Tuesday 17th May
Myths of the Maori in Ms Stevenson’s Fourth Grade
It is traditional to teach Norse mythology in fourth grades in Waldorf Schools around the world. Ever since visiting New Zealand in 1991, during my first sabbatical, I have felt that Maori myths and Maori songs and stick games would be equally as popular and appropriate with this age group as the Norse myths and Anglo-Saxon alliterative riddles are. We started with the creation story – how the gods Rangi (Sky Father) and Papa (Earth Mother) had to be separated so that Light could enter into the world. We then went on to the stories of Maui tikitiki a Taranga (Maui born from the topknot of Taranga). Maui is a demi-god who combines the qualities of Loki, Thor, Prometheus, Heracles, and Odysseus.
The myths have really touched the children. One of the children said, “That is the best creation story so far!” and there were murmurs of agreement from other members of the class. The Maori song and stick game is challenging, and the struggle to learn the Maori words to the song has us all laughing. Occasionally, the sticks fly wildly, but mostly, the children are hard at work to keep the pattern going without mistakes.
I have included a few children’s versions of the myths we have heard so far.
The Creation by Rylee
The gods were getting tired of living in Te Po uriuri, the dark night. So they decided to try to push Papa and Rangi, Earth Mother and Sky Father, apart. First Te, the god of war, tried to push them apart but he could not. Then they all tried, except Tawhiri, the god of winds and storms. Finally Tane, the god of the forests, tried and he grew like a kauri tree and pushed them apart.
Tawhiri was angry; he thought his brothers would take over so he made a big storm. Rongo, the god of cultivated foods, and Haumia, the god of wild foods, retreated underground. Tangoroa, the sea god, retreated to the depths of the sea with all the sea animals. And Tane retreated deep into the forests.
The winds went on and on. Finally Tawhiri grew weary of making storms so he stopped. But sometimes he still remembers his anger, and then he makes great storms.
Rangi was so sad, he kept crying and crying. Soon his tears began to flood the earth. So the gods decided to turn Papa over. When they turned her over, she was still nursing her youngest child, so when the earth was turned over, he was underneath Papa. Papa made fires to keep him warm, so that makes volcanoes, and when he walks around, that makes earthquakes.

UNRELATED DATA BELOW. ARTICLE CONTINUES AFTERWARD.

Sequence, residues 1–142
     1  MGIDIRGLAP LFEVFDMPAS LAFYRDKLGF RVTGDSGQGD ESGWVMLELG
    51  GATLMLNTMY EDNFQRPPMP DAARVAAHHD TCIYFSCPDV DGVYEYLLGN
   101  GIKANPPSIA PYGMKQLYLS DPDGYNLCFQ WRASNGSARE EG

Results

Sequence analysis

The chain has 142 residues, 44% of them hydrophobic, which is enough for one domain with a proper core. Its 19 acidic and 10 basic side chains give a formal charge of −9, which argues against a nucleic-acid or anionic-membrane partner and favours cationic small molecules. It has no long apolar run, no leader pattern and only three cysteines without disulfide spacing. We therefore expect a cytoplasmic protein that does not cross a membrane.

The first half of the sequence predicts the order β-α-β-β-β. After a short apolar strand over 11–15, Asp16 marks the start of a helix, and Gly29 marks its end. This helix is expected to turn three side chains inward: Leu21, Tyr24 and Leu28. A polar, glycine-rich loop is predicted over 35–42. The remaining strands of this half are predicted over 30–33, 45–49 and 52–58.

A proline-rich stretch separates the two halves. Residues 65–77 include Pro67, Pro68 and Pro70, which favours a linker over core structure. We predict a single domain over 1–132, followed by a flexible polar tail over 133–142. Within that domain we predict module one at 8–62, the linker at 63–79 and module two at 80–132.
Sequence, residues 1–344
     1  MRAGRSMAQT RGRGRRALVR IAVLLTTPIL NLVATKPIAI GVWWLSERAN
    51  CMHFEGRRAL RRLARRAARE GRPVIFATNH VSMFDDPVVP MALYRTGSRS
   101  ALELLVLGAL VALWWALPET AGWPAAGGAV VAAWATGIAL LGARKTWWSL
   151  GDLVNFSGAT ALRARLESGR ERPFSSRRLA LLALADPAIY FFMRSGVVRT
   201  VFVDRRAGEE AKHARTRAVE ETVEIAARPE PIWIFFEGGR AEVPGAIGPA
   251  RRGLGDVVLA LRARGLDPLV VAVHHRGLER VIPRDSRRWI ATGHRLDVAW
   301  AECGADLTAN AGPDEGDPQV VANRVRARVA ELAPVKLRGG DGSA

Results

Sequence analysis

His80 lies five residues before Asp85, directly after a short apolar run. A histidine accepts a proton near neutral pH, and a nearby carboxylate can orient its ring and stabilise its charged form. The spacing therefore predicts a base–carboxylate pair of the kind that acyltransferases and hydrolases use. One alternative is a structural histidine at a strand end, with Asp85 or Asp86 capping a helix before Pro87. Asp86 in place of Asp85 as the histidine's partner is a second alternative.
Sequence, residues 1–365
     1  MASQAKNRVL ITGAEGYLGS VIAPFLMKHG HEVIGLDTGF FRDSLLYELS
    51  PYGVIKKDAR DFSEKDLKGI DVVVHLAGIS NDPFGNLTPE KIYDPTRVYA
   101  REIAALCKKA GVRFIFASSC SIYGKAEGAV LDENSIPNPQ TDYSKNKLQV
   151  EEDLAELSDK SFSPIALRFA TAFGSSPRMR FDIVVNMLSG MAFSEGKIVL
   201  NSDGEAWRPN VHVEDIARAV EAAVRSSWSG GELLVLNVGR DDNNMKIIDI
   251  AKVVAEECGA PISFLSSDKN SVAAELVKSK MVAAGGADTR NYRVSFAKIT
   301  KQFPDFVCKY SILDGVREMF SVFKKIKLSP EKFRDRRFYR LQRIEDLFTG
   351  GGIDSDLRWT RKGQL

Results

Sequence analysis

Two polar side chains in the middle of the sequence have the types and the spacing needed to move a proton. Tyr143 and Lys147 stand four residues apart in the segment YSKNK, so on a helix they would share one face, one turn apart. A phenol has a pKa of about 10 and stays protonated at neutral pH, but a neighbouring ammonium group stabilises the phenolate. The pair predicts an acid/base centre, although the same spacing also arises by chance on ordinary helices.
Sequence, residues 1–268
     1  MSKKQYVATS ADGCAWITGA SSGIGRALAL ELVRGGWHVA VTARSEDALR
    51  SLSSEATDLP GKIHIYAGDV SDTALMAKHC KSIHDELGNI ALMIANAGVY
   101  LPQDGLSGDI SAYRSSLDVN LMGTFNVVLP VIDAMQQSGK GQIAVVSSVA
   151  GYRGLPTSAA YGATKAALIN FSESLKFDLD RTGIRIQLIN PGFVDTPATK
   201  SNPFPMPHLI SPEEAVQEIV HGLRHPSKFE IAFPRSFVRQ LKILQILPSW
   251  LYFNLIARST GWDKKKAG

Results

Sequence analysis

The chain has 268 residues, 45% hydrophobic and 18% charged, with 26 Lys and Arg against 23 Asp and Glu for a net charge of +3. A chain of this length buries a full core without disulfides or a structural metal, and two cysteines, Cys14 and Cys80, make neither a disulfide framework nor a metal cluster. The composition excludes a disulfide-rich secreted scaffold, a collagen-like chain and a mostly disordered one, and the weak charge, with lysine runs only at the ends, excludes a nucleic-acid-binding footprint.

How Maui was Born by Julian
Maui mua, Maui roto, Maui taha, and Maui pae were walking with their mother Taranga. Now one night a strange boy came to her home. “Who are you?” asked Taranga. “I am your son, too,” he said. “Are you Maui roa?” “No1” “Are you Maui roto?” “No!” “Maui taha?” “No!” “Maui pae?” “No1” “Then who are you?” “I am Maui tikitiki a Taranga! You were by the sea when you gave birth to me. Immediately you wrapped me in hair from your topknot and flung me out to sea. The sea took care of me until a breeze blew me to shore. There Tama nui ti ke Rangi saved me. So here I stand as a human child.” Taranga cried out with joy, “You are the child of my old age! I thought you were lost, yet here you are.” She welcomed him to her home.
How Maui Found His Parents by Alexis
Maui transformed into a wood pigeon and flew down into the other world and landed on a branch. Right below him, he saw his parents. He used his beak and plucked a berry off the tree. He dropped it on his father’s forehead. His father thought it just fell off the tree on its own. Maui plucked two more berries and dropped one on his mother’s forehead and one on his father’s forehead. Then all of the people started to throw rocks at the tree. Maui dodged all the rocks but he let his father hit him. The rock hit Maui’s leg and he fell to the ground.
When his father learned his name was Maui tikitiki a Taranga, he said it was a warrior’s name. He went to make a blessing, but he made a mistake, and so he said one day Maui would have to die.
The Separation of Rangi and Papa by Hana
Rangi (Sky Father) and Papa (Earth Mother) were locked in an embrace. Some of their children were getting very upset about Te Po nui (the great Night). Te (the war god) wanted to kill them but Tawhiri (the god of winds and storms) liked Te Po. The decision was made to push them apart. All of the gods tried, except Tawhiri, and finally Tane (the god of forests) put his shoulders on Papa and his feet on Rangi, and he grew like a kauri tree. When they were pushed far enough that the sun could come in, they were done.
Now Tawhiri was so mad that they had not listened to him, that he made storms, and storms, and storms. And all the creatures of the sea went deep under water to hide, and the food went into the earth, and the animals went deep into the forests. At last Tawhiri calmed down, and the children of the gods could live on the earth.